- The Washington Times - Friday, March 14, 2003

ANNAPOLIS The Ehrlich administration's entry into the high-stakes battle for federal transportation funds for the next six years will include 25 highway and mass-transit projects scattered throughout the state.
The plan released yesterday signals a shift in emphasis from subways and light-rail systems to what Transportation Secretary Robert Flanagan called "bus rapid transit."
While Mr. Flanagan said final decisions have not been made, the administration will consider using buses instead of rail cars for two projects in Montgomery County and a proposed extension of the Baltimore subway system's Red Line.
The top-priority project is also the most expensive more than $800 million in planning and construction money for a new highway that would connect Interstate 270 in Montgomery County with Interstate 95 in Prince George's County.
"This is simply a wish list. There are not enough dollars to go around," said Gov. Robert L. Ehrlich Jr.
He said he has enlisted the help of the Maryland congressional delegation for the battle for federal funds that he said will be complicated and "at times ugly."
"In some respects, it's about power politics," Mr. Ehrlich said.
The governor said he plans to use his connections with President Bush and the White House to push Maryland's case.
While most of the projects are in the Baltimore-Washington corridor, Mr. Ehrlich included seven initiatives outside Central Maryland.
On the Eastern Shore, Mr. Ehrlich will ask for $13.2 million to widen the Snow Hill bypass on U.S. 113 in Worcester County, $12.9 million to add two lanes to Maryland 404 in Caroline County and $22.3 million to construct a new Dover bridge across the Choptank River on Maryland 331.
The plan includes $44.5 million for two interchanges in Frederick County on Interstate 70 and Interstate 270 and $10.6 million in design funds for widening of Interstate 81 in Washington County.
The governor also is asking for $34.2 million to build a bypass around Hughesville in Charles County.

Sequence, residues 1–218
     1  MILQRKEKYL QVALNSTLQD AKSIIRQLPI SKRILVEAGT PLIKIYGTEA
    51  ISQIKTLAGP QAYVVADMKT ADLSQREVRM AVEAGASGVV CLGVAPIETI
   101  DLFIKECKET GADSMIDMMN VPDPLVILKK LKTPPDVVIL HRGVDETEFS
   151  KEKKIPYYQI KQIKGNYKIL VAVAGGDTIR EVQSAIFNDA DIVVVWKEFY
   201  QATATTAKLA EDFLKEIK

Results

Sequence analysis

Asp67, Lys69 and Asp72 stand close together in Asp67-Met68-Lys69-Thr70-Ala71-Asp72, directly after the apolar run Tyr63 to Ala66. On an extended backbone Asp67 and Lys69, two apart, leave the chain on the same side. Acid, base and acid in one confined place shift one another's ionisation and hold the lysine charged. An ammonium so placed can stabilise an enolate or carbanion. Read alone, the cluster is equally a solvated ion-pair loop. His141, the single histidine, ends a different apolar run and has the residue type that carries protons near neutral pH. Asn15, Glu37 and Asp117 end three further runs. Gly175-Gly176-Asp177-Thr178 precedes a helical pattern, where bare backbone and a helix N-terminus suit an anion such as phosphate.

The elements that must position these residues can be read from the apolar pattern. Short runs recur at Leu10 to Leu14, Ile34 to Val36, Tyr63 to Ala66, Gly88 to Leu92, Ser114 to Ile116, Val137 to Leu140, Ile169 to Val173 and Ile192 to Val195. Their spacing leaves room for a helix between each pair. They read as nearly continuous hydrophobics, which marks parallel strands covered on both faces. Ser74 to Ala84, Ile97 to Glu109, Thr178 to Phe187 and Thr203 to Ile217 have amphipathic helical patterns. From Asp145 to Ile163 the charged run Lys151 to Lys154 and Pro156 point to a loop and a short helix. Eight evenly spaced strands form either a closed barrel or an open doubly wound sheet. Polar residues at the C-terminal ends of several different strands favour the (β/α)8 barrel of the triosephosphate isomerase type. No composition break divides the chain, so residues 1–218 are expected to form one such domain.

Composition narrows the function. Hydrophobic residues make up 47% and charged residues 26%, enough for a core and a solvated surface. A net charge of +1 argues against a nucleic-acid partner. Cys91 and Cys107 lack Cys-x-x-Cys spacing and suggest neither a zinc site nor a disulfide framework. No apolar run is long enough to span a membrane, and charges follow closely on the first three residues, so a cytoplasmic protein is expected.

Mr. Flanagan said the department is studying bus rapid transit to see if it can provide a cheaper and quicker way than new rail lines to solve transportation problems in congested areas.
The department would use a new style of bigger, more luxurious buses that he said resemble subway cars and would make the service more attractive to consumers.
In some areas, special lanes could be designated for the buses so they would not face traffic jams. In areas where separate lanes are not available, the department could build passing lanes at intersections so buses would not have to wait in line to get through traffic lights.
But Mr. Flanagan said light rail is also still a possibility for Baltimore's Red Line, a Corridor Cities Transitway in Montgomery County from Shady Grove to Clarksburg and the proposed Purple Line Metro route in the Washington suburbs, which the administration has renamed the Bi-County Transitway.
The administration is asking for $15 million in planning money for each of those three projects with the understanding it can ask for additional construction money later.
Other items on the list are $250 million to increase capacity of MARC commuter-rail lines, $120 million for bus service in rural and urban areas and $29 million for a bus-rapid-transit system running from Waldorf through three Southern Maryland counties to the Branch Avenue Metro station at the Capital Beltway.

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